Along with their written response to the question, students plan and create a visual product to help deepen the understanding of their topic. The visual could be in the form of a model, poster, diagram, computer project or other creative idea. Their projects create an ancient Greece and Rome "virtual museum" in the school's IMC. Students spend a class period visiting the museum and can read how Greece and Rome were similar yet very different.  

Megan Thompson, Julie Klinner, and Yauo Yang are commended for providing students with authentic history lessons!

Monday, July 16, 2012

Social Studies Staff and Extra-curricular Activities

Our Social Studies staff are involved in so many different extra-curricular activities that benefit students. One of those activities in the "Gaming Club."

D.C. Everest Gaming Club is one of the most fun and unique organizations to ever exist among our district.  We are involved in many different events, such as Evercon, and run our club to the standards of any government, with a high council, secretary, treasurer, and the vice president and president positions.  
Evercon is a gaming convention that occurs every year.  We hold gaming tournaments and other functions to raise money for many different charities and other groups.  Some of the groups we have donated to in the past consist of The Red Cross, D.C. Everest’s own Civil War Day, and other traditional charities.  One newer item that we donate the most to is the Gaming Club Scholarship Fund.  We give out a large amount of money every year to a gaming club member who has been an active participant since their days back at the Junior High.  This year, Ian Welsh, a longtime member of the club, earned the scholarship.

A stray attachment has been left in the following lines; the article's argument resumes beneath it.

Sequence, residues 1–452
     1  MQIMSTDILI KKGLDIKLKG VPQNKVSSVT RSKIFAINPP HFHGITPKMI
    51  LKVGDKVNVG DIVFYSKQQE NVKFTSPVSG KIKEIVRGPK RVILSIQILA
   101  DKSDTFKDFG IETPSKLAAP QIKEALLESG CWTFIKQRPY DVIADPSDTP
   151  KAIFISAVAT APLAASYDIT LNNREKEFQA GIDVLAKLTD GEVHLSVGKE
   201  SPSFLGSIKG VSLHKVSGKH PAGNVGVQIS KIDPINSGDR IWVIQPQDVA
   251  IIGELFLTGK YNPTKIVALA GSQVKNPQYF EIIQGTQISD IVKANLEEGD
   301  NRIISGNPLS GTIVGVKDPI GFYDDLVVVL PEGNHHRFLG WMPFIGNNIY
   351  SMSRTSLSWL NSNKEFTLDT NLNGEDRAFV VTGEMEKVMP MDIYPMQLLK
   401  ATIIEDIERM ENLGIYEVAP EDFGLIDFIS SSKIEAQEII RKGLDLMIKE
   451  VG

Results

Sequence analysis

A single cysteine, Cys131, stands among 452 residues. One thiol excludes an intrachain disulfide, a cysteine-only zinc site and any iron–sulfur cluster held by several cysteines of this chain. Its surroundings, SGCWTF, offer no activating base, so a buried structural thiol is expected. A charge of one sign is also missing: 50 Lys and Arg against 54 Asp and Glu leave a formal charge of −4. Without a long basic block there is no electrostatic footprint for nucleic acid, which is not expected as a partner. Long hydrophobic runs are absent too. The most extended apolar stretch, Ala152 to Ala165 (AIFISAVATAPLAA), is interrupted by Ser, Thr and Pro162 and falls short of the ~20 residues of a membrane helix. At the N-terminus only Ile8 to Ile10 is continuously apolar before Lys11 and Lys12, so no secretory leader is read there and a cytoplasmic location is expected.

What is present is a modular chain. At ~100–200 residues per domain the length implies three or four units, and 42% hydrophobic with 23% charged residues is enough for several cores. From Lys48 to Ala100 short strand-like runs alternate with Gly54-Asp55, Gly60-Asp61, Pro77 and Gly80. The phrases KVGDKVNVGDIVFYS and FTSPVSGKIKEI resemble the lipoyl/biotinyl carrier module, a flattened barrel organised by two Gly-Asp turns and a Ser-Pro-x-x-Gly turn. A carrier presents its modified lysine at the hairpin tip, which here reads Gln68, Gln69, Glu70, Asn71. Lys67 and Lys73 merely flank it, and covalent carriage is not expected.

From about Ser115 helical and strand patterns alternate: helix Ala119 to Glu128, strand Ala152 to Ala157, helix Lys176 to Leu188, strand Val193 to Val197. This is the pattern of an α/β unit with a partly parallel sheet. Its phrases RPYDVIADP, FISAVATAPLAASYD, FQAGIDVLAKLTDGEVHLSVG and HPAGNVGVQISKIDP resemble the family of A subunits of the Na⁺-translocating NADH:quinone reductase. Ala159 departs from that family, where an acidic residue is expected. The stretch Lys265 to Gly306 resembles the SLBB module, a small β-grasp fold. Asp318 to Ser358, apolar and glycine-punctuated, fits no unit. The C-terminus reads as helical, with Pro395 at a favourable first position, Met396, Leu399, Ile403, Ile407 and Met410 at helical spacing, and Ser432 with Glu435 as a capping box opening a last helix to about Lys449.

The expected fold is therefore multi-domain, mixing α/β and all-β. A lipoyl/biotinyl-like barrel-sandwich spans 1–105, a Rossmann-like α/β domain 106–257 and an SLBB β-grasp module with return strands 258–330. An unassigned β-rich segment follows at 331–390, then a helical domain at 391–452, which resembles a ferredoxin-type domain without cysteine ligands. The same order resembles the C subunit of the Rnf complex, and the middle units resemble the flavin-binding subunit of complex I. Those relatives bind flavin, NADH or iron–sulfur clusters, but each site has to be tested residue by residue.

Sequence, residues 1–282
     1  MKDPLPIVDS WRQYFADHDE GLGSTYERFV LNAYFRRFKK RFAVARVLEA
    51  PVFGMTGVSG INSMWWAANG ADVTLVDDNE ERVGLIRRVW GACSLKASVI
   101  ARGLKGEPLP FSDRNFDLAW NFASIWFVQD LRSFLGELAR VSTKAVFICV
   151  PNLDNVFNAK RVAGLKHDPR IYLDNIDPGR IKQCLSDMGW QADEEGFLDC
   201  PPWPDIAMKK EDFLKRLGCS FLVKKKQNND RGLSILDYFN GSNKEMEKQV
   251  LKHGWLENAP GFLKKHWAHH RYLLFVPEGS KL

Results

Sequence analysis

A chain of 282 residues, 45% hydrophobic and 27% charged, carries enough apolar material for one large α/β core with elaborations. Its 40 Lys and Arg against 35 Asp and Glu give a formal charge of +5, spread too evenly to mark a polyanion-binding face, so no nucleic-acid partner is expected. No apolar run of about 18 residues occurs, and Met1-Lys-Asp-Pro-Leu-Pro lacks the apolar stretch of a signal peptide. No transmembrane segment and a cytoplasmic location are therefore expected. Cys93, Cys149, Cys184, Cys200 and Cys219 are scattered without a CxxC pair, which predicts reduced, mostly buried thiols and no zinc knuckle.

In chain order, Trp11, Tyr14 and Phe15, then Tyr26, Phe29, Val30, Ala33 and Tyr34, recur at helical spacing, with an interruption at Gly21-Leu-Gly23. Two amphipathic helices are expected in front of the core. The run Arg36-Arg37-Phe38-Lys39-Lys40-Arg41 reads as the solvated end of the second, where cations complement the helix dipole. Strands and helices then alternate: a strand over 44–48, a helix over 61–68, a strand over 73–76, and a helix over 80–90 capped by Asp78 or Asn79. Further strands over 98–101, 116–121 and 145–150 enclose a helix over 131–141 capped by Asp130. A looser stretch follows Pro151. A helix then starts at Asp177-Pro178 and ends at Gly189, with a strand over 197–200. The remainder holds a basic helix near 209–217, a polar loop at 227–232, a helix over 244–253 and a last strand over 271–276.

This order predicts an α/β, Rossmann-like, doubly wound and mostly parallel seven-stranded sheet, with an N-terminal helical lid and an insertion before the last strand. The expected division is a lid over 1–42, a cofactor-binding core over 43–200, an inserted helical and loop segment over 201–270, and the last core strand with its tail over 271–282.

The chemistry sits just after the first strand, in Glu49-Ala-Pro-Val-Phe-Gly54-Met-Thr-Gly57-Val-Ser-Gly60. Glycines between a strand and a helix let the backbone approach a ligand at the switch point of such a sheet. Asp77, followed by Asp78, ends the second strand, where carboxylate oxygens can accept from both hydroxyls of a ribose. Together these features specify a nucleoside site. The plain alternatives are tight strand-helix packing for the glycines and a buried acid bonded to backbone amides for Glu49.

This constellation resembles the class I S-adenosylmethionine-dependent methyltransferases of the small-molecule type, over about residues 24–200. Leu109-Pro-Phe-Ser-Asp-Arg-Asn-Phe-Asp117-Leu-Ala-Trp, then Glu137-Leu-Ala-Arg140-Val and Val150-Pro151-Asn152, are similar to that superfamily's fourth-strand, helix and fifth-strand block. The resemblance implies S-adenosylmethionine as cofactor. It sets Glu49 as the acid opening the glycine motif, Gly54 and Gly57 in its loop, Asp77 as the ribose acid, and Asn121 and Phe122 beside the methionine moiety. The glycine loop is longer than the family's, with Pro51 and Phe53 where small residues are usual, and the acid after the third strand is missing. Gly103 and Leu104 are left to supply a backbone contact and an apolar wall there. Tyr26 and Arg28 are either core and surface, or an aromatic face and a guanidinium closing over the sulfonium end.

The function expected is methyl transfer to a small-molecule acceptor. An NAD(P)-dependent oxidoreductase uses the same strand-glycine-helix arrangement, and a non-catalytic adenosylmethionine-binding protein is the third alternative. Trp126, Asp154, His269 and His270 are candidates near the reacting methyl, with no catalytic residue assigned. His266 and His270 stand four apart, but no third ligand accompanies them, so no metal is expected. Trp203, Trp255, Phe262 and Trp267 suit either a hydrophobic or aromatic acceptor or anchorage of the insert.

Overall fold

Other parts of the club, such as the high council, are used to dictate club events and activities in a democratic way. The high council consists of 6 different positions: The 8th grade representative, the 9th grade representative, the secretary, treasurer, vice president, and president. The 8th grade and 9th grade representative positions are obtained in two different ways:  as an 8th grade representative, you can obtain your position by being a highly involved, responsible, respectable member.  As a 9th grade representative, you can obtain your position by running for a position such as secretary or treasurer, or even president or vice president, and not succeeding in being elected for this position.  Mr. Ammon will then designate you as a representative, or a rep (as we call it).